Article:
I initially assumed that having an organ concert about to begin in the cathedral (which is Hungary’s second biggest, after the one in Esztergom) would be fortuitous, as I had pleasant memories of having listened to one is Brașov’s Black Church as a child. On this occasion, however, I felt a bit overwhelmed by the sound- they might have been playing some more dramatic pieces, for I kind of had the impression that the Addams family would storm out of the pews any time. I also felt like applauding at the end of each piece-this has always irked me in churches, and I might even have dropped the odd clap every now and then before coming to my senses.
Next on our itinerary was the accidentally discovered Town Under the Town– a tour of the Eger bishopric’s former wine cellar system, of which the entrance lies comfortably to the left of the cathedral’s exit. Admission happens on the hour, but the twelve o’clock slot was sold out to a giant group of Poles- they seem to be the chief foreign visitors of Eger, so much so that most menus and inscriptions will have Polish added to them alongside English, and sometimes German.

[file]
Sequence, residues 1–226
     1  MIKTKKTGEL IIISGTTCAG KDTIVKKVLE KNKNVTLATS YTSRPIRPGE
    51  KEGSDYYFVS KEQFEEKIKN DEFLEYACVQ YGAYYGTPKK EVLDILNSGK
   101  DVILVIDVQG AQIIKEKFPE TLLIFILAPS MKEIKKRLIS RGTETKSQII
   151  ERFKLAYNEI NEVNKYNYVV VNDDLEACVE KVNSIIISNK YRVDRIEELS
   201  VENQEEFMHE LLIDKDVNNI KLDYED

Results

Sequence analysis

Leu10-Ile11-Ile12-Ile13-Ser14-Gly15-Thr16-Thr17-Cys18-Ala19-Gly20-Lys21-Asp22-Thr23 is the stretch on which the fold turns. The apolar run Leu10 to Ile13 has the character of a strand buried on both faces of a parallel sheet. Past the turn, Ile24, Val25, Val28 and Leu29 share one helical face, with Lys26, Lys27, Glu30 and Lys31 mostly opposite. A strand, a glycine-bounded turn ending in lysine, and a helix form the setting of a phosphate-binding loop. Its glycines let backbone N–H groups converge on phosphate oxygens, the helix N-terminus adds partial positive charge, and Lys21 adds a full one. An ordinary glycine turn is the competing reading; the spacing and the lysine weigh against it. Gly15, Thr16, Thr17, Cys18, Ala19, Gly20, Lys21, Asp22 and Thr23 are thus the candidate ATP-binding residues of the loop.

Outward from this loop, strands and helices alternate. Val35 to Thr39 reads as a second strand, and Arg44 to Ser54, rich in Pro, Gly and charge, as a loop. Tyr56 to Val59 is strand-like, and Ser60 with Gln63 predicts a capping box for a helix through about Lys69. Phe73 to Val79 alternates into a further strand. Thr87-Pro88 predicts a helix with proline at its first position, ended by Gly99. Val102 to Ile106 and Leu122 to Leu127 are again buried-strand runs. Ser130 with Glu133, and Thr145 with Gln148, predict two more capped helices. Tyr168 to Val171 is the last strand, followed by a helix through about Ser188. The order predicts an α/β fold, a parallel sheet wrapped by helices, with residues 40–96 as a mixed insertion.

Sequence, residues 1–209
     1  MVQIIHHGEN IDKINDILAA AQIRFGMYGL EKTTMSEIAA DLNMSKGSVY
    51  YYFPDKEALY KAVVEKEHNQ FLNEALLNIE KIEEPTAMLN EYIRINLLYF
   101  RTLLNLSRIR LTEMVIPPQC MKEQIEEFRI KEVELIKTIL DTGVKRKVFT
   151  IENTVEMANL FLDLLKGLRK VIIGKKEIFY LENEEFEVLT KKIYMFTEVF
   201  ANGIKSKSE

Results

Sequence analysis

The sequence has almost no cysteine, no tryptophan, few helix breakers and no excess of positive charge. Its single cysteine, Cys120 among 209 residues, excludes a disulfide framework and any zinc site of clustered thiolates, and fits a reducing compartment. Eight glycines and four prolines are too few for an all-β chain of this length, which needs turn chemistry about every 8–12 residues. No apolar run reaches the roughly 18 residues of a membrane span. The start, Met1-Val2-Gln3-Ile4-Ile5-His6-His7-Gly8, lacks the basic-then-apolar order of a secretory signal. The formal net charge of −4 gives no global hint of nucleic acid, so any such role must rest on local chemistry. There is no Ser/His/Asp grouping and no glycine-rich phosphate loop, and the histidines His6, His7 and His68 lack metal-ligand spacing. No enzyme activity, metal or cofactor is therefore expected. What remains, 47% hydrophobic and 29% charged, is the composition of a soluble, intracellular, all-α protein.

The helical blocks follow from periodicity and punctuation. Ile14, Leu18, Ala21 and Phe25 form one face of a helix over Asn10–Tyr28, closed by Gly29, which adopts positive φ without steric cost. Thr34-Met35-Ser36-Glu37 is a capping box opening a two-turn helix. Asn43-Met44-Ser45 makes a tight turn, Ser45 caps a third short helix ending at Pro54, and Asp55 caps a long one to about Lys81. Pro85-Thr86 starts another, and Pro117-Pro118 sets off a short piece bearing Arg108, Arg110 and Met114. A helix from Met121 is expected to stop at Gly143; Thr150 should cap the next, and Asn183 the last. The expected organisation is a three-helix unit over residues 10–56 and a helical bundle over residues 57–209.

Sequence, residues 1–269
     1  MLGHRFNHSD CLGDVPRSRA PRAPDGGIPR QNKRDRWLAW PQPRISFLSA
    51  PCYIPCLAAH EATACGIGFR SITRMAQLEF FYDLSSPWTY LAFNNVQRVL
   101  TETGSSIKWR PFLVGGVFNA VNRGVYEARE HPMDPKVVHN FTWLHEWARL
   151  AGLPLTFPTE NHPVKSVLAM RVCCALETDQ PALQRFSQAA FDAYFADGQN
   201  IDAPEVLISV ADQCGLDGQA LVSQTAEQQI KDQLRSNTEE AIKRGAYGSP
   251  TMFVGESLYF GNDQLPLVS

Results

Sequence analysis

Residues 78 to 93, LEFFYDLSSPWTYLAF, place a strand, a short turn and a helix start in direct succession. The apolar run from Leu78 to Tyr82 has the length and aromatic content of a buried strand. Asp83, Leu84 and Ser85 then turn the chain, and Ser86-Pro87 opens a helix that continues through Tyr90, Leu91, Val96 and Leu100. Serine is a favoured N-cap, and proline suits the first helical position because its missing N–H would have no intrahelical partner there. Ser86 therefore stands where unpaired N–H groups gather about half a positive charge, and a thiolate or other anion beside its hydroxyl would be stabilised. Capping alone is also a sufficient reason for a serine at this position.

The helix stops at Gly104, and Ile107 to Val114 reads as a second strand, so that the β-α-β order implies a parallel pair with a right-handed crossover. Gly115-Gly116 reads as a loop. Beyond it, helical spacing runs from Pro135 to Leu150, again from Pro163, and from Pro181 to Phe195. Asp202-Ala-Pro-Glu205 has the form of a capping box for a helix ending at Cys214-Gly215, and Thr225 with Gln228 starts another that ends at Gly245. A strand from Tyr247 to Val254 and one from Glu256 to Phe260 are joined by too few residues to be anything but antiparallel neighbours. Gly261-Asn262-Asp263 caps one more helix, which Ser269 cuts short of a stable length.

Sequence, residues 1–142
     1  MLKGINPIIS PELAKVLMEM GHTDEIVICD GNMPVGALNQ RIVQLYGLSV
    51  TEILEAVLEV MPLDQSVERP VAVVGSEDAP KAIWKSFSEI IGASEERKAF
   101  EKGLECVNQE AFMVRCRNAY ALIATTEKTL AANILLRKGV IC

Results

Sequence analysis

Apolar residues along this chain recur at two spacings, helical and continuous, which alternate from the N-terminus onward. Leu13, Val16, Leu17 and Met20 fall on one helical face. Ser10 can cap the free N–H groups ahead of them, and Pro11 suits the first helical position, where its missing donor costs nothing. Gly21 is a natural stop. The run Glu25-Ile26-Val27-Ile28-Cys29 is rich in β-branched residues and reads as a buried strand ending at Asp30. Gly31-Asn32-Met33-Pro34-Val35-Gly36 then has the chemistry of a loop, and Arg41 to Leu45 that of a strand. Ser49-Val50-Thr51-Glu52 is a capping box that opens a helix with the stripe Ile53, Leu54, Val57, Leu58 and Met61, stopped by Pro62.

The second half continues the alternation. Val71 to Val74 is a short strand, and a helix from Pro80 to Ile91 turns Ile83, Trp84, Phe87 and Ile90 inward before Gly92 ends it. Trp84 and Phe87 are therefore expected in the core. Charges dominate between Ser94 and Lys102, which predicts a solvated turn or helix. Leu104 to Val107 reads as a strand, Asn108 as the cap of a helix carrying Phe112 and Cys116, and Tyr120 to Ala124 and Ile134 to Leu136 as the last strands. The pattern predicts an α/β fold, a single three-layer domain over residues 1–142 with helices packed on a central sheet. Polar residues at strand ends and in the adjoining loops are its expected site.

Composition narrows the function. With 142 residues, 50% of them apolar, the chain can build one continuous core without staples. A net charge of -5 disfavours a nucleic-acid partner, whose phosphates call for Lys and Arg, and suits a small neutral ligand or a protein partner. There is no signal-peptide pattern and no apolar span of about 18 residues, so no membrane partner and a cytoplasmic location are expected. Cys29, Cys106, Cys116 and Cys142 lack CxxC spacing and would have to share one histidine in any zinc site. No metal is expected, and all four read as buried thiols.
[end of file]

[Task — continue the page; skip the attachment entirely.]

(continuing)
We decided that the powers that be were thus telling us to have lunch, and proceeded towards the main square, where we had identified two restaurants with good online reviews: the Först-Ház and the HBH Bajor Sörház. The second was chosen on account of being air conditioned- this might sound like a weak-minded approach, yet it is quite legitimate on a scorching June day. The tasty and plentiful meal also underlined the rightness of our choice, and we later had the opportunity to try the wines in Först-Ház too. Obviously the Egri bikavér, because when touristing you should do them touristy things, and it was obviously delicious- and so was my second choice, the kadarka, which is a pretty typical wine for the Arad region, so I like to test the competition wherever I go.